"Pharma bro" scammer Martin Shkreli has been sent to a federal prison in New Jersey to serve the remainder of his seven-year sentence after being denied his request for a minimum-security federal camp.
Shkreli, who had been in a Brooklyn federal jail since September, was shipped Tuesday to the low-security Fort Dix Federal Correctional Institution in New Jersey, according to the U.S. Bureau of Prisons.
The prison is located on the U.S. military base at Fort Dix, about 80 miles from New York City, where Shkreli lived, and 30 miles from Philadelphia. It houses 3,945 inmates.
His sentencing judge endorsed that request. But the Bureau of Prisons has the last word in determining where to place its inmates.
Shkreli's lawyer Benjamin Brafman declined to comment Wednesday.
Brafman previously said that Judge Kiyo Matsumoto's ruling last September that Shkreli was a public danger would prevent him from being sent to a minimum-security camp because of BOP guidelines.
Camps are considered safer for inmates and are relatively more pleasant places to do one's sentence than facilities that have higher security designations.
Matsumoto had said Shkreli was a danger as she revoked his bail for, among other things, his bizarre offer toFacebook followers of $5,000 for each strand of hair they managed to pull off the head of Hillary Clinton, who at the time was in the midst of a book tour.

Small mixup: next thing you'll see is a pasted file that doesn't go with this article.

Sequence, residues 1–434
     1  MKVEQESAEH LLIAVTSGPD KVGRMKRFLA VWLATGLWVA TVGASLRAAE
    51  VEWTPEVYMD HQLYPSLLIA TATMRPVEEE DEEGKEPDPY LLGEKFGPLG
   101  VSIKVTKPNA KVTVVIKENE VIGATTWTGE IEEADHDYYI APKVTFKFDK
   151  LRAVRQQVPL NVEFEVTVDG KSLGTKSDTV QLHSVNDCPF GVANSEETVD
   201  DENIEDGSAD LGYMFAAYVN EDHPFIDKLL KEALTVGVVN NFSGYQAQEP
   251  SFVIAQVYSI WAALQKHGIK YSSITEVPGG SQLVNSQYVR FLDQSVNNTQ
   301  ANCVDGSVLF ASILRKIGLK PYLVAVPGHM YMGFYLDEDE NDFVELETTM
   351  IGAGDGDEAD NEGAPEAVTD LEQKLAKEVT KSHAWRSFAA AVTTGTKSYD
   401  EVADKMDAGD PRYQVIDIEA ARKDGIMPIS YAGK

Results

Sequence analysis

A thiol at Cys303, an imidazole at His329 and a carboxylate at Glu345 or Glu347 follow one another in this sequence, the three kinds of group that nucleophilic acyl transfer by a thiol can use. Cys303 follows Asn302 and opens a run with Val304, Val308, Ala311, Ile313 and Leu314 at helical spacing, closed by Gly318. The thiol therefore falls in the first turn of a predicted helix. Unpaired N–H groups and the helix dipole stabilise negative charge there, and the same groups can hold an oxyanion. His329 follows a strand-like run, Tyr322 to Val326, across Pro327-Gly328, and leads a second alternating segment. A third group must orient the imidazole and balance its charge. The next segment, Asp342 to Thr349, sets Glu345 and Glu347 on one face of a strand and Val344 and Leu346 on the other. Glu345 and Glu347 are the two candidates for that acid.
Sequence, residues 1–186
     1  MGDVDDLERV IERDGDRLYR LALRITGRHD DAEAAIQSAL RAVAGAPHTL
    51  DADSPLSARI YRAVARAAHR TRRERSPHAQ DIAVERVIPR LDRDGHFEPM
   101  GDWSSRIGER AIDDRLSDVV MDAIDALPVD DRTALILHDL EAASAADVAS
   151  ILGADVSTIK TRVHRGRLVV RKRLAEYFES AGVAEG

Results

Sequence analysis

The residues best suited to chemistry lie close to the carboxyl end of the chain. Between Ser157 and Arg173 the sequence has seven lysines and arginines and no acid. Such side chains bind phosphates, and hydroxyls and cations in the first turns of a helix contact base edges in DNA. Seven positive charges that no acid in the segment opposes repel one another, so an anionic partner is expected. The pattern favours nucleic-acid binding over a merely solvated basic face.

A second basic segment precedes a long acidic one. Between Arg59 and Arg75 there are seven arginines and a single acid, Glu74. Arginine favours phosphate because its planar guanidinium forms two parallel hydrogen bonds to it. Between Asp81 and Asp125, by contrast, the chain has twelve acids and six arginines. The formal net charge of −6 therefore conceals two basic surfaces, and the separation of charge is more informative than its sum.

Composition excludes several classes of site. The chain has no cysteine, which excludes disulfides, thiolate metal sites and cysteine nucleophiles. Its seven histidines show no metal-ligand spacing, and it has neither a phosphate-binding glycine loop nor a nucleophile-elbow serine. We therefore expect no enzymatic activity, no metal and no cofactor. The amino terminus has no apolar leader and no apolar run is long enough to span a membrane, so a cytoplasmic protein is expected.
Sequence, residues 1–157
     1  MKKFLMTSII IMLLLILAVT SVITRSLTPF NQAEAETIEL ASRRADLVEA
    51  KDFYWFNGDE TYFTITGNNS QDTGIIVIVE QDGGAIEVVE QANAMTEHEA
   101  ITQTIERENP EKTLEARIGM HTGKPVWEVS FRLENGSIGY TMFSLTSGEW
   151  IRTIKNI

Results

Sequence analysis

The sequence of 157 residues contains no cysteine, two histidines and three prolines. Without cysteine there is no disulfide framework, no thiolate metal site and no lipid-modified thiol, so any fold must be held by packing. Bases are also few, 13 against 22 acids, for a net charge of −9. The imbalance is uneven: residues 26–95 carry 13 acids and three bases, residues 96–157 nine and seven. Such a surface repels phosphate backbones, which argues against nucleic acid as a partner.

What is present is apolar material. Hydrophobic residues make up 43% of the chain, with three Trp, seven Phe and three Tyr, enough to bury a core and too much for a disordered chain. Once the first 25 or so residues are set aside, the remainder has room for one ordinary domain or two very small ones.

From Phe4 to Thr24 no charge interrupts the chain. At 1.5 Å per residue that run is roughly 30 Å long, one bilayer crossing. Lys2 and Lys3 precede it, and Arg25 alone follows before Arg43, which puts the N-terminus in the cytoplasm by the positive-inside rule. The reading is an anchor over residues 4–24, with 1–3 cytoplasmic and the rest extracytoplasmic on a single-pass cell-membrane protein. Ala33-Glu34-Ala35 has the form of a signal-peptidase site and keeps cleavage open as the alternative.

Shkreli until then had been free on $5 million bail despite being convicted in August of defrauding a group of hedge-fund investors and of manipulating the stock of a drug company he founded, Retrophin.
Fort Dix's past inmates have included Buddy Cianci, the corrupt mayor of Providence, Rhode Island; high-ranking Patriarca crime family boss Matthew Gugliemetti Jr., and George Jung, the former cocaine kingpin portrayed by actor Johnny Depp in the film "Blow."
Fort Dix also has housed Martin Frankel, the insurance swindler whose crimes led to $200 million in losses. Frankel was featured on CNBC's crime show "American Greed," as was Shkreli, recently.
Matsumoto last month sentenced Shkreli to seven years in prison. She also ordered that he forfeit almost $7.4 million to the federal government, and pay a $75,000 fine.
Shkreli first gained public notoriety in 2015 when he raised the price of the anti-parasite drug Daraprim by more than 5,000 percent while heading another pharmaceuticals company then known as Turing. The company since has changed its name to Vyera Pharmaceuticals.